It’s officially Chinese New Year in China.

People I know over there got together for the Eve and have been sending me “wake up” messages to wish me a new and prosperous year.

I’m about half a day behind where I live. When they’re awake, I’m a sleep.

Instead of getting to sparring class tonight, I’ll be going to the Chinese neighborhoods and eating. Yum, yum.


Some Interesting Facts About the Chinese Calendar, Horses, and the Mongols:


— This is the Year of the Horse. The horse is a favorite animal and symbol in Chinese history and lore. No doubt you’ve seen a number of horse paintings by Chinese artists, maybe hanging on the wall at your favorite Chinese restaurant?

— In traditional times, the horse provided quick transportation and helped win battles. So today, the horse is a symbol of fast travel and victory… Speedy Success. Who doesn’t want that?

— The year 2014 in Christendom is also the year 4711 in the traditional Chinese calendar. They’ve been around for a while, haven’t they?

— Digging deeper, 2014 (4711) is the Green or Wood Horse year (green representing wood). This oddity comes from the ancient Stem-Branch system combined with the Five Elements theory.


The Chinese Calendar


According to ChineseFortuneCalendar.com it works like this: Chinese calendars use the Stem-Branch system to count the days, months, and years. There are 10 Stems and 12 Branches in this system.

Stems are named by the Yin-Yang and Five Elements (Metal, Water, Wood, Fire and Earth). The Stem sequence order is Yang Wood, Yin Wood, Yang Fire, Yin Fire, Yang Earth, Yin Earth, Yang Metal, Yin Metal, Yang Water, and Yin Water.

Branches use animal names. The Branch sequence order is Rat, Cow, Tiger, Dragon, Dragon, Snake, Horse, Sheep, Monkey, Chicken, Dog, and Pig.

Stem and Branch are used together to form a 60 cycle counting system which begins with Wooden Rat and ends with Water Pig. The last cycle ended in 1983.

The year 2014 is the Male (Yang) Wood Horse, spot number 31 on the Stem-Branch cycle. We’re half way through this cycle.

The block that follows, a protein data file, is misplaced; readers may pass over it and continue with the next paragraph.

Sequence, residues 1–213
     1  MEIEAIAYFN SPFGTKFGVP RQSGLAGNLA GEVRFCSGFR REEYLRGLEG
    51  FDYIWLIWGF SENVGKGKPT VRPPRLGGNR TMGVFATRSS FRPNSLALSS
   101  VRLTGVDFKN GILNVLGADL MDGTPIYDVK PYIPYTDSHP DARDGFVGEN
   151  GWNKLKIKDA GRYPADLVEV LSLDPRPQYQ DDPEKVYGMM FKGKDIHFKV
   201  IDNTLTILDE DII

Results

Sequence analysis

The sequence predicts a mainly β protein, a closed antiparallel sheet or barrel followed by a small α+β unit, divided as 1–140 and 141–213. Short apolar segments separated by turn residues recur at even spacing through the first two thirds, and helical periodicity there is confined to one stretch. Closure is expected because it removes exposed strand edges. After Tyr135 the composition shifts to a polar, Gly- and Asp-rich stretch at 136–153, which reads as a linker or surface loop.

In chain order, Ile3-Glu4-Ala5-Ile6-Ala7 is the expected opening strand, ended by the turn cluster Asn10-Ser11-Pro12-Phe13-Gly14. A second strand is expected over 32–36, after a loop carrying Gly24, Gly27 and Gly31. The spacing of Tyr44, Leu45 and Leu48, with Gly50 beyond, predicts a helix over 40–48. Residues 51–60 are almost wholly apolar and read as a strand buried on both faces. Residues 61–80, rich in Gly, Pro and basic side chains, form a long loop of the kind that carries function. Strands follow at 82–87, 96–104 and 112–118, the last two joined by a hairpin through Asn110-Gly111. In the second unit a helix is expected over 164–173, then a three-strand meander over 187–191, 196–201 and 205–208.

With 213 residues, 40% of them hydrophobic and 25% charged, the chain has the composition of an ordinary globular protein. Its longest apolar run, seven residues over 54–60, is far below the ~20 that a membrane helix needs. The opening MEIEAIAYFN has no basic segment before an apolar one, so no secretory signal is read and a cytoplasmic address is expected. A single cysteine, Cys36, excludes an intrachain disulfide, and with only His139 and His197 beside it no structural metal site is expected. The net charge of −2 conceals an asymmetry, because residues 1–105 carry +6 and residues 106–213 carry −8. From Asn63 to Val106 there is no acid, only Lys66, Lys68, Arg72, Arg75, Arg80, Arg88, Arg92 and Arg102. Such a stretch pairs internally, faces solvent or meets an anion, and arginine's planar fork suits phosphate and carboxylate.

I hope you got all of that because there’s going to be a test.


Mongols and Their Horses


The horse played a vital role in founding the Mongol Empire by Genghis Khan, and the Yuan Dynasty in China by his grandson, Khubilai, and pretty much taking over and harassing most of the known world starting in the 1200s.

In the book, Genghis Khan: and the Making of the Modern World, you learn that the Mongols were expert horsemen and depended on horses to dominate much more advanced and powerful societies.

What’s interesting is the Mongolian horse is short and bred for endurance, not speed.

Yet the Mongolian army quickly stormed across the Eurasian continent, often catching their prey by surprise.

Genghis Khan and his kin reached out and dominated far-flung cultures found in today’s China, India, Russia, Korea, Persia, Iraq, Turkey, Vietnam, and parts of Central Asia, Eastern Europe, and South East Asia.

They even sailed across the ocean to take over Japan, twice, but typhoons sunk their fleet each time. The Japanese word, kamikaze, originates from this period. It means ‘divine wind’.

Medieval Mongolians and their horses were a force of nature made for marching and fighting:

** The Mongolian horse can travel long distances without stopping;

** Mongolian horses running in the center of a group can sleep while running;

** Each cavalryman was assigned three or four horses while on the march so he could rotate riding them and give them rest;

** Cavalrymen could sleep riding in their saddle;

** The Mongolian army would basically march 24 hours a day, weeks at a time, and still have the energy to fight and take over a city.

The Mongolian army traveled light:

** Cavalrymen would drink mares milk, rather than carry milk;

** They would make a small cut into the horse’s neck and drink the blood for sustenance;

** In a pinch, they would slaughter a horse in the field, dry the meat while marching, and eat jerky on the move;

** Because their theater of war was the Eurasian continent, the horses grazed on the grass naturally found on the vast steppe. Which meant the army wasn’t weighed down by hay or grain for the horses;

** The Mongolian army was 100% cavalry, no foot soldiers.

Horses are so cool.

Happy Chinese New Year!